Be proactive and avoid the underinsurance trap


As a business owner, you are focused on your core business; meeting the ongoing needs of your customers, the changing demands of the timber industry, not to mention managing employees and paperwork - the list goes on! So, it is understandable that you can become complacent when it comes to things like insurance. It’s not sexy and it’s not as exciting as seeking new opportunities and planning for growth. But it is necessary.  When you think about why you started your own business, you can probably agree that one of the main motivations was future financial security. Without the right insurance, that security is on the line. What would happen if your business couldn’t trade for a period due to unforeseen circumstances? How would it affect your livelihood and your lifestyle? What impact would it have on your employees and customers? 

There are many reasons a business may be completely uninsured or underinsured; costly premiums, lack of awareness of risk assessment, poor understanding of insurance policies, or failing to update policies as the business grows or acquires new assets. The problem lies when things go wrong and an underinsured business needs to make a claim, their policies won’t provide adequate cover for the loss. Business owners are left to pick up the pieces.

Don’t let this happen to your business!

Think broadly about the overall environment and economy, and the timber industry, in which you are a player.  What challenges do you believe the timber industry and your business face now, and in the future?  Will they create opportunity or will they expose you to some risk, or perhaps both? For example, technology is rapidly changing and this has an effect on many industries in terms of machinery and infrastructure for daily operations.  How will changes in technology affect the efficiency of your business?  Are you in a position to keep up with changes and with competitors?  

Another consideration is the likelihood of events occurring that could cause disruption to your business.  For example, would you be able to maintain operations and customers in the event of a major loss to offices, warehousing, or manufacturing lines or a critical loss of physical assets?  Or what would happen if there were changes to your employee structure that are out of your control, resulting in skills gaps?  Do you have any contingency plans?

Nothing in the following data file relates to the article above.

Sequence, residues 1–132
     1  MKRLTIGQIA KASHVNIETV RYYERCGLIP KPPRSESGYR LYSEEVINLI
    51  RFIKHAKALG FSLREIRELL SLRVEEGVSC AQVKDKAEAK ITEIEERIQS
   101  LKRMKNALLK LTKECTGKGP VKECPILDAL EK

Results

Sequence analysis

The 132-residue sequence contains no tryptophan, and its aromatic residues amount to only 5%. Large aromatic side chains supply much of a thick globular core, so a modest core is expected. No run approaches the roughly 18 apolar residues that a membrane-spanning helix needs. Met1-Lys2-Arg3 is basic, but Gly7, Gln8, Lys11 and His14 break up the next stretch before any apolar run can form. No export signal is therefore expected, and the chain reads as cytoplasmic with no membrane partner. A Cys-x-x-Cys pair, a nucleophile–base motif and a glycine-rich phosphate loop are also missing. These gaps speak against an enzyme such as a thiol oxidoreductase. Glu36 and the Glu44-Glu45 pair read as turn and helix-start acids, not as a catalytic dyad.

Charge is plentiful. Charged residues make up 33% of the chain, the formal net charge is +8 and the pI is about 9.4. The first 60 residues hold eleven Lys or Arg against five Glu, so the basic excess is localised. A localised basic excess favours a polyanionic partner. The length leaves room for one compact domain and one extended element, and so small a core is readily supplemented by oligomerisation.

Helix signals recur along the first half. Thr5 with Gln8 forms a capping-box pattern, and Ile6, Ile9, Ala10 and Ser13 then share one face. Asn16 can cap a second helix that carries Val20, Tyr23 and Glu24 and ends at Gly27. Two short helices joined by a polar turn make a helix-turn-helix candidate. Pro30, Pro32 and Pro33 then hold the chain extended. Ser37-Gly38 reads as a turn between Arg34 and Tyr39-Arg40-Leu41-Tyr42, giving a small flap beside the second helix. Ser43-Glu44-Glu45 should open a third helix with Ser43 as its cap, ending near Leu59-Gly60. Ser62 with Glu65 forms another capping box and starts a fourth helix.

A thorough review of your business structure and its activities can help you to plan proactively and minimize your risks to many of the issues previously outlined. Here are some critical ideas and questions to get you thinking:

  1. Identify your key staff members that deliver revenue to the business. Are there any critical operational staff that you would struggle to continue without?

  2. Who are your key suppliers, that are crucial to manufacturing and/or delivering your products and services to your customers? Do you have alternatives to use if required?

  3. Who are your major clients and is their business vital to the continued operation and success of your business? How do you ensure these customers continue to engage with your business?

  4. Consider what types of events could cause a disruption to your business. Make a list of possible situations and prioritize them, so that you can identify which have the greater chance of occurring and which cause the greatest concern.

  5. Review your current general insurance and workers compensation policies. As your business changes and grows, your insurance needs will change as well. Are you adequately covered given the changes in your business? Are you confident the quality of your cover would pay in the event of a claim? Have you considered additional insurance like Key Person covers for employees that are indispensable to your business, or Life and Income Protection for the Directors of your business?

  6. Many businesses are required to sign contracts with major customers when work is acquired. When you sign a contract, does your business meet the insurance requirements of those contracts? Would you be covered in the event that you could not execute the contract to completion due to unforeseen circumstances?

  7. Get your documents in order. When an unforeseeable circumstance arises, it’s sometimes difficult to find what you are looking forward amidst mountains of paperwork. Compile a dossier of your current insurances, workers compensation documents and any private insurance held for directors and/or employees. If you need to make a claim, this important information needs to be found quickly.

Running your own business is, without a doubt, hard work.  The responsibility you feel towards your team, your customers and your family can be overwhelming at times; not to mention balancing your time between your business and your personal life. The good news is, you don’t have to tackle it alone.  There are experts in this field that can help you to answer these questions and accurately assess your business risk.

AB Phillips are experts in business insurance, people management and financial services. We have been working with businesses in the timber industry for more than 20 years and know the risks you face, and this knowledge and expertise is paramount to ensuring you have the right insurance cover in place.

We are proud to be the FTMA’s preferred supplier of insurance, people management and financial services to FTMA Members. Give us a call today on 1300 242 136 – we can provide you with an obligation-free review of your insurance program, provide expert recommendations and source alternative quotes.  


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